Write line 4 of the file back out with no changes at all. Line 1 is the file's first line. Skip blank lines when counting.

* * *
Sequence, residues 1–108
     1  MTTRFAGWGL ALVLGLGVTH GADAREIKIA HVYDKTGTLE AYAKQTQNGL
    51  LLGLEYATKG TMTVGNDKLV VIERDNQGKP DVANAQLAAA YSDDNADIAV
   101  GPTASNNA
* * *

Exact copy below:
   101  GPTASNNA